ST. LUCIE COUNTY, Fla. - Tuesday, it was Mother Nature once again storming Normandy Beach in St. Lucie County.
At low tide, Christieann Miller and her family walked along what sand was left behind.
"I've seen this beach be dynamically changed over 40 years now," said Miller.
Two straight days of constant wind and waves have brought the ocean uncomfortably close to a number of waterfront properties. But in St. Lucie County, it could have been much worse.
This summer, a beach renourishment project stretched 3.4 miles from Normandy Beach down to the Martin County line. It cost 6.8 million dollars. The state paid just under half the cost, about a quarter was picked up by taxpayers through the county's erosion control district, and residents who live along the beach picked up the final third through a special assessment.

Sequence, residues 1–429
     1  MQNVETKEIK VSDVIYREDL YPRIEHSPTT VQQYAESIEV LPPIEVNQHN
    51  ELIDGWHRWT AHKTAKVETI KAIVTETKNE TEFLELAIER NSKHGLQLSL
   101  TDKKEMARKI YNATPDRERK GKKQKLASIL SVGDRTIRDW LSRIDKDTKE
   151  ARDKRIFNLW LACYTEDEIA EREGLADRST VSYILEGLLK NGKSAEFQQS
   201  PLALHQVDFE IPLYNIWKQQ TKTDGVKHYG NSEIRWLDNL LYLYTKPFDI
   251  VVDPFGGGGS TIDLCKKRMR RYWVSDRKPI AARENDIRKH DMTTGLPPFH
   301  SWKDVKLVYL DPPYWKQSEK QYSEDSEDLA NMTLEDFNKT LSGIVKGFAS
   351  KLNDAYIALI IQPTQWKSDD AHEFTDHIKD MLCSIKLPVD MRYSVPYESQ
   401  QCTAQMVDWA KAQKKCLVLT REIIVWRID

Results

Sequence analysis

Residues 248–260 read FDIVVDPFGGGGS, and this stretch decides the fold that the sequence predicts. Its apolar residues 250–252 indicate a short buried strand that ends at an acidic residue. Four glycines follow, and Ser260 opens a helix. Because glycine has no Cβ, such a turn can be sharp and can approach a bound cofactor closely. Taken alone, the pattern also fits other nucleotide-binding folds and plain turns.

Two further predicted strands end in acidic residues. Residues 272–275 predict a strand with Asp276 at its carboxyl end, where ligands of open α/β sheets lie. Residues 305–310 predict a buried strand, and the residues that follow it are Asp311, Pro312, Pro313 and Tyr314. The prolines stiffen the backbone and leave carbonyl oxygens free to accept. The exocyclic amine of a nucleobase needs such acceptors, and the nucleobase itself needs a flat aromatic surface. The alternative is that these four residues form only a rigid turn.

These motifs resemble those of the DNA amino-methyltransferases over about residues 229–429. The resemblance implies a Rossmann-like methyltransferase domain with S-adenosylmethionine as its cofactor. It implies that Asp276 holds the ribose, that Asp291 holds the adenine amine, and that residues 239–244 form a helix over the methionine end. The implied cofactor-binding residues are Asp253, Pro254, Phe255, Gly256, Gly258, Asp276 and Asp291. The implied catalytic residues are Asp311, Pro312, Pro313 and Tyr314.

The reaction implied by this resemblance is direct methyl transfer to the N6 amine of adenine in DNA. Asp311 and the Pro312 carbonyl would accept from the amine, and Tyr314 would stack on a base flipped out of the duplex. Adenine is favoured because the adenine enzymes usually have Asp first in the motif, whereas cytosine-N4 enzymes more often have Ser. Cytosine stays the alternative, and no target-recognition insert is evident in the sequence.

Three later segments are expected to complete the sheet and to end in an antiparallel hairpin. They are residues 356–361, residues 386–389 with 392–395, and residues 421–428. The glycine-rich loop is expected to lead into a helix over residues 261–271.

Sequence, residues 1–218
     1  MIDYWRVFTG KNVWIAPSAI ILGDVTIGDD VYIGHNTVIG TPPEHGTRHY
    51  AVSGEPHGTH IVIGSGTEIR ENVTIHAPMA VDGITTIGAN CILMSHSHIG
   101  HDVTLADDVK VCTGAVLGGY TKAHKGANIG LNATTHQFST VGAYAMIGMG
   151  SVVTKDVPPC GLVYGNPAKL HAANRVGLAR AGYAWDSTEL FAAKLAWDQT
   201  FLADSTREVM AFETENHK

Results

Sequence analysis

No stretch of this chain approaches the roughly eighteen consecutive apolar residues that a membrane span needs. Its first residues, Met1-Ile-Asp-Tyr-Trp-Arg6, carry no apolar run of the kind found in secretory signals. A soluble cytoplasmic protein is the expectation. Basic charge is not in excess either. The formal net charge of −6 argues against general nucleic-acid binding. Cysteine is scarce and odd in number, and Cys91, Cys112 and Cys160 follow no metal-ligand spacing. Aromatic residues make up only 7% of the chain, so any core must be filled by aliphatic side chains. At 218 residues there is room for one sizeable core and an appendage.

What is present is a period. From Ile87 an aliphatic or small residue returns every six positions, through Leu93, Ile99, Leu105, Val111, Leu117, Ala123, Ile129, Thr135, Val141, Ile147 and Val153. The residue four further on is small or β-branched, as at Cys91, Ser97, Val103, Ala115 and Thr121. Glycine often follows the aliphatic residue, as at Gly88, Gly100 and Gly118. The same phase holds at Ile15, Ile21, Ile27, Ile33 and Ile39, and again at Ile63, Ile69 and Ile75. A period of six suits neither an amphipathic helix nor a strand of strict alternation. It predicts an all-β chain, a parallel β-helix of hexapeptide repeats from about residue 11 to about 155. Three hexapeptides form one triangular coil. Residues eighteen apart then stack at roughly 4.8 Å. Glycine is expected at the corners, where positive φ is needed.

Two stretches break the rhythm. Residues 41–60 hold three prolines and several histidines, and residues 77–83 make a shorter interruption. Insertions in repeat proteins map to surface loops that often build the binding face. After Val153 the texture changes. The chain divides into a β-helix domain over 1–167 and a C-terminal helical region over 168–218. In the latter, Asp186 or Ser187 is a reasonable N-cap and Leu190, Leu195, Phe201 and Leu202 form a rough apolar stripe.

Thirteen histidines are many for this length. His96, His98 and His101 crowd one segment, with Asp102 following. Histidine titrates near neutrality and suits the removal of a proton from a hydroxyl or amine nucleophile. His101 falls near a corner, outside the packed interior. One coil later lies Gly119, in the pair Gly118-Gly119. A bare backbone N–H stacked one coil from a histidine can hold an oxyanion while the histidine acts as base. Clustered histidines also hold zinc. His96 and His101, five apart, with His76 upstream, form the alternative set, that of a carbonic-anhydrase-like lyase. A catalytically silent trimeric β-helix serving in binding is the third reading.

Christieann Miller was among those who paid that extra money.
"Yes, I paid some extra taxes for this but I'm an environmentalist so I feel these are my taxes well spent," she said.
George Stegeman said they had similar problems like this up north on the shores of Lake Huron.
"Last year we dug out my wife's garden which had that much sand from the nor'easter of Sandy," Stegeman said.
As of Tuesday evening, there have no reports of any emergency measures being taken. There are no beach renourishment projects upcoming in Martin or St. Lucie counties, though in some places like Jetty Park in Fort Pierce, there have been emergency sand projects done in recent years.